A friend of mine refers to her first child as a “happy accident”- the sort of event that you were not planning, but which works out wonderfully in the end. The happy accident plays a big part in my artistic process as well (and no, I’m not going to continue the metaphor!).
Normally, I shoot very slowly. I mean, maybe a frame per minute. I use manual lenses and take my time finding the right image in the viewfinder. On this day I had just set up a sheet of reflective mylar to use as a mirror when the heat came on in the studio. The moving air was causing the mylar to move and as a result I was shooting faster than usual to capture fleeting images. I was joking with the model about shooting like a fashion photographer. I switched the camera to high speed drive- “look at me! I’m a high falutin fashun shooter!”– in a moment of screwing around. We made fun of a few photographers who shoot that way, laughed and then moved on. I didn’t look at the images produced with the burst. But I had also accidentally shifted the camera to aperture priority from manual. Since I shoot with strobes the camera saw too little light and slowed the shutter speed way down. That combined with the rippling surface of the mirror resulted in the image at below.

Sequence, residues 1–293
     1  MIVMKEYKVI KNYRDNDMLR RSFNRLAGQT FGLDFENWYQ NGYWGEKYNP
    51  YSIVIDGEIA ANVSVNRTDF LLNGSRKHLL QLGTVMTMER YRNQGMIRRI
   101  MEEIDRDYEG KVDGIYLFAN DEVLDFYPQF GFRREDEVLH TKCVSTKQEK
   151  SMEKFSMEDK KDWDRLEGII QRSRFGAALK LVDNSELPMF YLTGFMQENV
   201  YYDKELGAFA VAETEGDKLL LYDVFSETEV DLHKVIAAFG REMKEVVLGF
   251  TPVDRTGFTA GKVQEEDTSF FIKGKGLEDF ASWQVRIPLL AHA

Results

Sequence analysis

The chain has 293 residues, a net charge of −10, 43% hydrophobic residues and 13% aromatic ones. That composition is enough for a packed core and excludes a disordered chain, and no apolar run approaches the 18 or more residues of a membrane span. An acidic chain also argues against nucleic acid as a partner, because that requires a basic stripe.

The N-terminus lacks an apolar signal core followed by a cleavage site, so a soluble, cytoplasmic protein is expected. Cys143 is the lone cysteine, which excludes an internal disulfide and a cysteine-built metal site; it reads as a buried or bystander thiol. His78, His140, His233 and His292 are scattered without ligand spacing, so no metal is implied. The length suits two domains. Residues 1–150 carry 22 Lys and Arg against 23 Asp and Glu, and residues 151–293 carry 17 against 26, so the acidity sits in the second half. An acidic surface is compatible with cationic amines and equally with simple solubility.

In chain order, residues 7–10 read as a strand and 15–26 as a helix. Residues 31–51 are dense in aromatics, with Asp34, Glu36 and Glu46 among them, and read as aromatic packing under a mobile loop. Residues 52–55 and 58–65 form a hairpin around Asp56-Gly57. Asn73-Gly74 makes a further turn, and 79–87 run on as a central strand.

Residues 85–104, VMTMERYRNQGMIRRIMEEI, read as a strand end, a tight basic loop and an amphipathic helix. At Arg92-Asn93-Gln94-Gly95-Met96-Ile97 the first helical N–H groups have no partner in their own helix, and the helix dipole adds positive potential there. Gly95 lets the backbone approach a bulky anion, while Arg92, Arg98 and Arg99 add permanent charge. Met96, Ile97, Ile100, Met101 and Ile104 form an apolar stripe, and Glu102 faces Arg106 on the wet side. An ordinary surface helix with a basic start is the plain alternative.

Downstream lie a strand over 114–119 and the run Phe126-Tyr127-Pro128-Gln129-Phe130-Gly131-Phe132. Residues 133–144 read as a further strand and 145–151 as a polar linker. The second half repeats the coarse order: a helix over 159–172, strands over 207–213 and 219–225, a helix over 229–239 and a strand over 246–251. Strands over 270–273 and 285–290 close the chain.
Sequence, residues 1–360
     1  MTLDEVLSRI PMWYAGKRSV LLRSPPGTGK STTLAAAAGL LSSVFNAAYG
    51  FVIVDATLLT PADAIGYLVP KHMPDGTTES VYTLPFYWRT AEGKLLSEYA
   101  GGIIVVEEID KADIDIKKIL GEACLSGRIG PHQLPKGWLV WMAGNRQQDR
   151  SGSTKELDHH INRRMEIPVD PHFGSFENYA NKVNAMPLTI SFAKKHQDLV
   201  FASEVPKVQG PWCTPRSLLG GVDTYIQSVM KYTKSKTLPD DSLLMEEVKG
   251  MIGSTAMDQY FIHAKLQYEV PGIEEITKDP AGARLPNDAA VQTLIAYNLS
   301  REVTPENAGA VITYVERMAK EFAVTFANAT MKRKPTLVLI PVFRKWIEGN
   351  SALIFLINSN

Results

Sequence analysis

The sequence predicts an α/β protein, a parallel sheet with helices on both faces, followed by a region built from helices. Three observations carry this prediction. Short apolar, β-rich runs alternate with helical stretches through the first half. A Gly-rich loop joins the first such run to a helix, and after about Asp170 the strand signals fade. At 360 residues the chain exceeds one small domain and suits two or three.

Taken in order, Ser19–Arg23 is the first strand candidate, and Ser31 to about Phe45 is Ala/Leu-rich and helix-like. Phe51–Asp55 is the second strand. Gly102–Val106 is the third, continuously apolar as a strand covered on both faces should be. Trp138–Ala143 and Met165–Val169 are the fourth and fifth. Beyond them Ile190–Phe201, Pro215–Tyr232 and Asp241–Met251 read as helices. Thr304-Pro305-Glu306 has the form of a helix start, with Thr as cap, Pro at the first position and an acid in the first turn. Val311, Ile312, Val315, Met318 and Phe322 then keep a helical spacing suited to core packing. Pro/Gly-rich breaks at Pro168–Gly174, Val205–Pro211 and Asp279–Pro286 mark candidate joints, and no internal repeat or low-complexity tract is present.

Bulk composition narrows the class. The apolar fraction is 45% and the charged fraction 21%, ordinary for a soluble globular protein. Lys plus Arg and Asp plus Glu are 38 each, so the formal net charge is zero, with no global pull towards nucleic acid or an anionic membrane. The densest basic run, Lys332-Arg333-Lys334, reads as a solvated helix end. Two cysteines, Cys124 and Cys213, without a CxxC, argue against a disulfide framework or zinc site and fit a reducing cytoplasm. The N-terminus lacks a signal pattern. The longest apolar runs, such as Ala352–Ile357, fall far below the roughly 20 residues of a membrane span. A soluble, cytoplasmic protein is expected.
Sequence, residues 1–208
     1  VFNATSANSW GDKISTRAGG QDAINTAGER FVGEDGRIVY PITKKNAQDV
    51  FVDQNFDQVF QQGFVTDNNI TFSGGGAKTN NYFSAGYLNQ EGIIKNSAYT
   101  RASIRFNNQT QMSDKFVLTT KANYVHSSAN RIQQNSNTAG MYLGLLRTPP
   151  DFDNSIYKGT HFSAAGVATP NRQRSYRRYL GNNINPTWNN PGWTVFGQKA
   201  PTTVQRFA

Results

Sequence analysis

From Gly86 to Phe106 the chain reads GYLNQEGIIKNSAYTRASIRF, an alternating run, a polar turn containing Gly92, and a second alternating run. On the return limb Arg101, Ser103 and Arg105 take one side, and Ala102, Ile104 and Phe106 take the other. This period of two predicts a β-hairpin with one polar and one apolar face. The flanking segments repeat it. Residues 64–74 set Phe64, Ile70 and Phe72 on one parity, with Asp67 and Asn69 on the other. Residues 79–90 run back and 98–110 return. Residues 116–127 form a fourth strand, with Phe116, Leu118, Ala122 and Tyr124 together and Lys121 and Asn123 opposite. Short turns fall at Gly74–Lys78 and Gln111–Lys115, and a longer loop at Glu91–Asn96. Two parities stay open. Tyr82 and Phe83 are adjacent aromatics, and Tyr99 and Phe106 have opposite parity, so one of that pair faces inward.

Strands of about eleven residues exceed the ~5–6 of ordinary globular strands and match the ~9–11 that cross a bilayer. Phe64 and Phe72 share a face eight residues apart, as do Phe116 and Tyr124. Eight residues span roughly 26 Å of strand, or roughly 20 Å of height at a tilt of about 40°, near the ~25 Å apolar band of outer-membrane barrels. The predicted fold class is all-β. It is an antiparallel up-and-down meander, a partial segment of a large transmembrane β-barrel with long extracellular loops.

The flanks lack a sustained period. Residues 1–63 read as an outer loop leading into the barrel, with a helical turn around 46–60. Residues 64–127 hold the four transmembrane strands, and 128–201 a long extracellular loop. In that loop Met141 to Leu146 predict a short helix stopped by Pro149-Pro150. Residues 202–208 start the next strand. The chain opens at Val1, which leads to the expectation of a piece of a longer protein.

When I first looked at the image in Lightroom, I almost deleted it. It wasn’t what I had originally planned and the color balance was all wonky. But something about the image stuck. I went back, adjusted the white balance and then saw it. To me, the image has an impressionist, almost watercolor feel to it. It captured the ephemeral, fleeting nature of images remembered which is something I have been exploring with this series. In many ways, I had “accidentally” gotten exactly what I was searching for. As a result of this image, I am exploring techniques using longer shutter speeds to recreate the soft, blurred image here. The happy accident of hitting the wrong switch helped me find both a great image, but also a new avenue for exploration!